Terrance Blake is the best man in his world and would be a good man in most worlds. Rudolf is a mutant villain without a shred of decency, but still disciplined and purposeful. They are on a collision course, and don’t know it. Jane and Marlon Teagarden are only the twin rails that the story rolls along on, and only one of them is Riding the Centipede. I get the sense that a lot of the actual journey was cut. The scenes of experience don’t seem as protracted as they might be. And that may be for the best. The setting and denouement are determinedly Burroughsian, though there’s not as much of the old up and out and more of the Burgessian ultraviolence as Chernobyl performs his version of art. Though Jane Teagarden could use a little more fleshing-out of character, that would probably detract from the hold-your-breath movement of the narrative, which comes to an explosive climax. Background-5;plotting-5;characters-4;style-5. Round up to 5. Highly recommended.
Smooth, polished, professional. Disturbing, subtle, and definitely nightmarish. The stories in this volume are not so Lovecraftian as the title would have you believe. There is a dollop of cosmic horror, but none of the usual suspects are present. No hooded cultists, octopus-headed monstrosities, cyclopean ruins, non-Euclidean space. Headspace is more the issue. The Lovecraftian “mind”, indeed. Some of the matter-of-factness of JG Ballard, the inventive weirdness of David Lynch, the slightest hint of Philip Dickian mindrape, a tinge of the existential, a small infusion of the Gnostic. The reading of strange texts informs the text. Mr. Krall has been turning some strange pages indeed, and he melds all of those disparate elements into a surreal collage all his own. These are pictures of minds after “experiences”, continuing to try to function in mundane space, and largely failing. Recommended reading.
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A little over a week ago, I received quite the interesting package from the out past the South Pacific. Inside was an effigy of terrifying grace that exuded beautiful madness. If ever before I had doubted the depths a sane man can fall, those doubts were forever smothered by the arrival of my custom handmade Cthulhu Dice Bag by Wayward Masquerade. Continue reading »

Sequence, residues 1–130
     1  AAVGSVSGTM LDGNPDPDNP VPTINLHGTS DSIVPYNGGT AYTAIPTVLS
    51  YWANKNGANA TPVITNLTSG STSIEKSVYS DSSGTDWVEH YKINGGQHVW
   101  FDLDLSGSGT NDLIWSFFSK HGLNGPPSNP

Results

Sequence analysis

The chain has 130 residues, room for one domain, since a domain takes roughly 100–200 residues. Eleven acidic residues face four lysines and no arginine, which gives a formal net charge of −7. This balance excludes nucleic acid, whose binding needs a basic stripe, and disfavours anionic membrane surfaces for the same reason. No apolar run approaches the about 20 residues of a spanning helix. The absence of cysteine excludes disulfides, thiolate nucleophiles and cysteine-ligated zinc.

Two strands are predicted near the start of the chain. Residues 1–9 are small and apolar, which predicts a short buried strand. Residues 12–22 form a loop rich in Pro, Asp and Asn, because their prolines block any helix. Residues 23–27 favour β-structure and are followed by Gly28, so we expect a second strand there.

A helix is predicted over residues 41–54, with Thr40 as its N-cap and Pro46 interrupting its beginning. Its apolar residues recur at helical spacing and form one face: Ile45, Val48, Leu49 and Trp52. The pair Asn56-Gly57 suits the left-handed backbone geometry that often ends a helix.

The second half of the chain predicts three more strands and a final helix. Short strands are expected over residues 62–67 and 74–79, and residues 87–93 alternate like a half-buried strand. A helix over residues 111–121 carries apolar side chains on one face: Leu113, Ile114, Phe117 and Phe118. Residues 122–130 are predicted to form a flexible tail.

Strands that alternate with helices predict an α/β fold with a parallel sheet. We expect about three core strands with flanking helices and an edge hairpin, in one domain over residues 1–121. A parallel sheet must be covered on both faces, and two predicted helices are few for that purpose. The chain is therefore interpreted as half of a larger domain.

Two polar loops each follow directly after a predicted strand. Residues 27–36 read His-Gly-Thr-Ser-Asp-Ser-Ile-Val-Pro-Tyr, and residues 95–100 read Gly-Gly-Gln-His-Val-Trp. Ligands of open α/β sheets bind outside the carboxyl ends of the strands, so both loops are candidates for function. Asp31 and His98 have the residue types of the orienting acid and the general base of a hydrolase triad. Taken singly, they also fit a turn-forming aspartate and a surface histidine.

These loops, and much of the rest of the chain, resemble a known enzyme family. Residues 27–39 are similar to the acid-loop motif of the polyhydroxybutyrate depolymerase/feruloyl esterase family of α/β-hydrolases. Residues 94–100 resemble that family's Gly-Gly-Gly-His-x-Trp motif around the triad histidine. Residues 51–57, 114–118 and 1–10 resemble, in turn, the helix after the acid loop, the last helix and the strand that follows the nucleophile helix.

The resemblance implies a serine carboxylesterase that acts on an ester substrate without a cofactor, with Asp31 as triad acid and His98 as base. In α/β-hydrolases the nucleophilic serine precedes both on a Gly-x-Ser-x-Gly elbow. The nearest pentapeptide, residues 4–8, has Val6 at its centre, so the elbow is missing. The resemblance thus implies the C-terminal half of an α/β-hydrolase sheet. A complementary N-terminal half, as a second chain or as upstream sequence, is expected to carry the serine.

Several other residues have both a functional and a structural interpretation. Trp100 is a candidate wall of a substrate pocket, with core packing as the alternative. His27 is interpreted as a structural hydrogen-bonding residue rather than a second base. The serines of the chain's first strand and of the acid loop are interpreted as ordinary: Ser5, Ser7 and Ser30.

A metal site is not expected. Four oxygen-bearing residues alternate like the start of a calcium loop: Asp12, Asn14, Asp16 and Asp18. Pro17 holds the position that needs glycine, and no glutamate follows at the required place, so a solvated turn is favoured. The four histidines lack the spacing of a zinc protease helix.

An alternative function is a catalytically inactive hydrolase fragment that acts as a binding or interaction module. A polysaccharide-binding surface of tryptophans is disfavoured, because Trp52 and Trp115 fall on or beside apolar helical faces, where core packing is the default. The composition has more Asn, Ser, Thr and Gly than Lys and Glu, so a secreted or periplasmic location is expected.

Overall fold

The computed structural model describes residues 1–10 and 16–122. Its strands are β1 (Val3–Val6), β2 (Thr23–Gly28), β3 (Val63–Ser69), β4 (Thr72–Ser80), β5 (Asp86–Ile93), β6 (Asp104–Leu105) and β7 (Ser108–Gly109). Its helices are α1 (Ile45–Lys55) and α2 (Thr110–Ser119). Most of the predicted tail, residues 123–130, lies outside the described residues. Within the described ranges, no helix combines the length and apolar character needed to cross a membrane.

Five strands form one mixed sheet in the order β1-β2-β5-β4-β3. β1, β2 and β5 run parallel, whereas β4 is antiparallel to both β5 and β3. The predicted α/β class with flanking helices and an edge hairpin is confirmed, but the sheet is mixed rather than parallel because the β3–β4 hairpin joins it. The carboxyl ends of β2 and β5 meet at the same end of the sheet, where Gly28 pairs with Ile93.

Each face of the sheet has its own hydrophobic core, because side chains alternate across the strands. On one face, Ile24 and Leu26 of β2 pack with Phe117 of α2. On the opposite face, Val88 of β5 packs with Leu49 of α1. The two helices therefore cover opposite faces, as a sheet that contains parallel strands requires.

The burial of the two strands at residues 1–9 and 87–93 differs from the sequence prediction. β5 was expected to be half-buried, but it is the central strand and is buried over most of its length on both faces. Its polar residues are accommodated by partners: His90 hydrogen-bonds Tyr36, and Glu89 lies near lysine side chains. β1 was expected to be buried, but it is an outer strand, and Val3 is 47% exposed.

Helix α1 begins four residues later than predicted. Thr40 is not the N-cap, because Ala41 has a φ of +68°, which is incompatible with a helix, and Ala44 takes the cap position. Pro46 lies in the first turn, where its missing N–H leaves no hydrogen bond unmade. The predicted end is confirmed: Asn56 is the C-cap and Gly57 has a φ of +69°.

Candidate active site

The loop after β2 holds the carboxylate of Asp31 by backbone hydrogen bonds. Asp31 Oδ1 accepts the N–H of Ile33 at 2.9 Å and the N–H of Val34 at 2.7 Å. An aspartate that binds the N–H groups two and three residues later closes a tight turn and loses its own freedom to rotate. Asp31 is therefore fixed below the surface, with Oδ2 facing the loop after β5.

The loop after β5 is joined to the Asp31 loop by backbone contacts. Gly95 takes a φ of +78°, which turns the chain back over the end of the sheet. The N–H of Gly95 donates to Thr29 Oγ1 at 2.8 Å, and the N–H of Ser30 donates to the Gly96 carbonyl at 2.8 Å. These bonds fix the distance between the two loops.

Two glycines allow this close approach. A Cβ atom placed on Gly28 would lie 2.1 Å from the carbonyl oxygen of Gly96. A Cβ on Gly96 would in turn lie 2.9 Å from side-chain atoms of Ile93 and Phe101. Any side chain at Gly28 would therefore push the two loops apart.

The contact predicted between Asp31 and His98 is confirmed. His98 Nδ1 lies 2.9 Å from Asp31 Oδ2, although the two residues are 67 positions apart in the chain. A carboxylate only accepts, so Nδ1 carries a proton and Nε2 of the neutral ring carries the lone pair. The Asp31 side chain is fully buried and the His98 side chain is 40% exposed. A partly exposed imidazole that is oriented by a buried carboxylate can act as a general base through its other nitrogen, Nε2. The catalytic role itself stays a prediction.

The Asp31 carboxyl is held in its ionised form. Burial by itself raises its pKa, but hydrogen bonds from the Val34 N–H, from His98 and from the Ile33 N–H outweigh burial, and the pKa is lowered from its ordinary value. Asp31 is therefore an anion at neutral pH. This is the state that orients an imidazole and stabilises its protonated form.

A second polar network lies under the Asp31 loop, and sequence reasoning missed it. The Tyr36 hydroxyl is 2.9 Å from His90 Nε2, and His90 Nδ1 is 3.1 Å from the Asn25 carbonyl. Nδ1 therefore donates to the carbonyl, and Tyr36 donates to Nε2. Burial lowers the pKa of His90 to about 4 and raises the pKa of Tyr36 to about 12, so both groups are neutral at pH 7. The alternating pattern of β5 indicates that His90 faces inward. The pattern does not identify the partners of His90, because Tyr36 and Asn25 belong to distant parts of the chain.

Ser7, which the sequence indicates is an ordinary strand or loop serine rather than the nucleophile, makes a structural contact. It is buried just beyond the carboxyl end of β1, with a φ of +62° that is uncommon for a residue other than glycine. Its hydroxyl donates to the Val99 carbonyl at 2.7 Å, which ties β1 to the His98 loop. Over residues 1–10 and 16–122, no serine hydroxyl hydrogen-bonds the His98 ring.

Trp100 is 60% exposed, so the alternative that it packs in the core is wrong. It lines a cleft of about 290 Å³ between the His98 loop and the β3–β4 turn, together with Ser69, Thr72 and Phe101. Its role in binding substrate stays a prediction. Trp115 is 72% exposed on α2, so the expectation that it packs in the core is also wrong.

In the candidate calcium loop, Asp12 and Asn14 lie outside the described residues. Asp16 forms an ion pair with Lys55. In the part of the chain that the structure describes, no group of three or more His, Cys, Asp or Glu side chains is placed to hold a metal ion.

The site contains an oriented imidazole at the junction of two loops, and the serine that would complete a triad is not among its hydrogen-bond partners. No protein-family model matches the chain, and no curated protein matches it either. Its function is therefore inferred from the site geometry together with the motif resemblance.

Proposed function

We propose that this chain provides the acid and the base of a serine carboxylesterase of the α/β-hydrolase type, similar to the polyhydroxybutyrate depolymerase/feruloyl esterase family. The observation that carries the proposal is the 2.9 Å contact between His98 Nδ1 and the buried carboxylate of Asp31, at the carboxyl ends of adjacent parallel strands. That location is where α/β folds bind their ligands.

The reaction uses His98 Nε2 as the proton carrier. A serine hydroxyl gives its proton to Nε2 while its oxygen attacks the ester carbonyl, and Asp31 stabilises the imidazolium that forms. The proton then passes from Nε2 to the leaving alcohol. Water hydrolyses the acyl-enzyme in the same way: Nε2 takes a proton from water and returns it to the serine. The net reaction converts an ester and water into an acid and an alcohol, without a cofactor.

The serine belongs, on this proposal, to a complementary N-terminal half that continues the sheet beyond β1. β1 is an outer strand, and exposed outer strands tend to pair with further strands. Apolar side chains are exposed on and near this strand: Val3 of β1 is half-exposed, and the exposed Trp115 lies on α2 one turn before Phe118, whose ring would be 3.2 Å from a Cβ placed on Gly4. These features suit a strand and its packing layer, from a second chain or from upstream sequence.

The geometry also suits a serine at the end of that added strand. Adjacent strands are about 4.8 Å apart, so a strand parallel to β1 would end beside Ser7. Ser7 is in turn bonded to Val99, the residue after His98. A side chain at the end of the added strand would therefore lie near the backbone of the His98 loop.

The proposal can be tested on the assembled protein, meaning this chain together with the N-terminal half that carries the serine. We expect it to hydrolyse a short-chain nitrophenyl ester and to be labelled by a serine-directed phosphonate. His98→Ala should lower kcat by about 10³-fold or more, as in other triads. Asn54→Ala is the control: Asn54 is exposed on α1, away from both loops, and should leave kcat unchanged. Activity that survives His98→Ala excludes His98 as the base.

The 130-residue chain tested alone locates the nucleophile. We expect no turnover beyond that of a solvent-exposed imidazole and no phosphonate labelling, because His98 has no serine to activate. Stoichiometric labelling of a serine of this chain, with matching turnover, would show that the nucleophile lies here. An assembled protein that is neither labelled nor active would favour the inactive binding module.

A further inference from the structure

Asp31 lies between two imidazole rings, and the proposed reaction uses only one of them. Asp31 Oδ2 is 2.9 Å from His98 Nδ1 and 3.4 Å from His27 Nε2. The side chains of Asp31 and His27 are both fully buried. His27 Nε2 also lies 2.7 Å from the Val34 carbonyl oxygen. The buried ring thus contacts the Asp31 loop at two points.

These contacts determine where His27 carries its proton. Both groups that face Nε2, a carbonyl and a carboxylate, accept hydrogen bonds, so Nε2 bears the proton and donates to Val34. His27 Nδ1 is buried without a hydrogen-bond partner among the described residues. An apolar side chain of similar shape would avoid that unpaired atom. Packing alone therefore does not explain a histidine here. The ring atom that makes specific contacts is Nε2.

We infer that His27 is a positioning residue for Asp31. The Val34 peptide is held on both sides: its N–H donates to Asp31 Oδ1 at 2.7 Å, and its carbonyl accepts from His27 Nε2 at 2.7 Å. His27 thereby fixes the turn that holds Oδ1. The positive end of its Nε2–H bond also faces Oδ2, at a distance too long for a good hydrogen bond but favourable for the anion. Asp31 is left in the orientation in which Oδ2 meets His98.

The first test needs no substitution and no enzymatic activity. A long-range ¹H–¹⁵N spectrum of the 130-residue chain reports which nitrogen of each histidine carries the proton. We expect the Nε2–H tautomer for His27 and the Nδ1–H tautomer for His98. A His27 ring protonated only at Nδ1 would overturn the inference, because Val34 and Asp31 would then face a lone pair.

With so many Mythos related tales out there, I’m usually incredibly picky about the stories I read. I always prefer the mythos full length novels. So, when I saw Amazon recommending Carter & Lovecraft to me, I decided to give it a chance. Continue reading »
Is the world’s greatest novelist a Lovecraftian – and does his new book prove it?
Haruki Murakami is a literary giant, described by Stephen Poole of the Guardian as “among the world’s greatest living novelists”. The Japanese writeris regularly tipped as the next Nobel laureate for Literature. His books, skating around the borders of surrealism, magic realism, fantasy and science fiction, sell millions and have been published in fifty languages. Murakami’s plots often revolve around threats from inhuman, paranormal beings of undefined power. He quotes Kafka, Doestoyevsky and Flaubert as his influences (1). But if you go deeper, is Murakami’s biggest and most formative influence HP Lovecraft? Continue reading »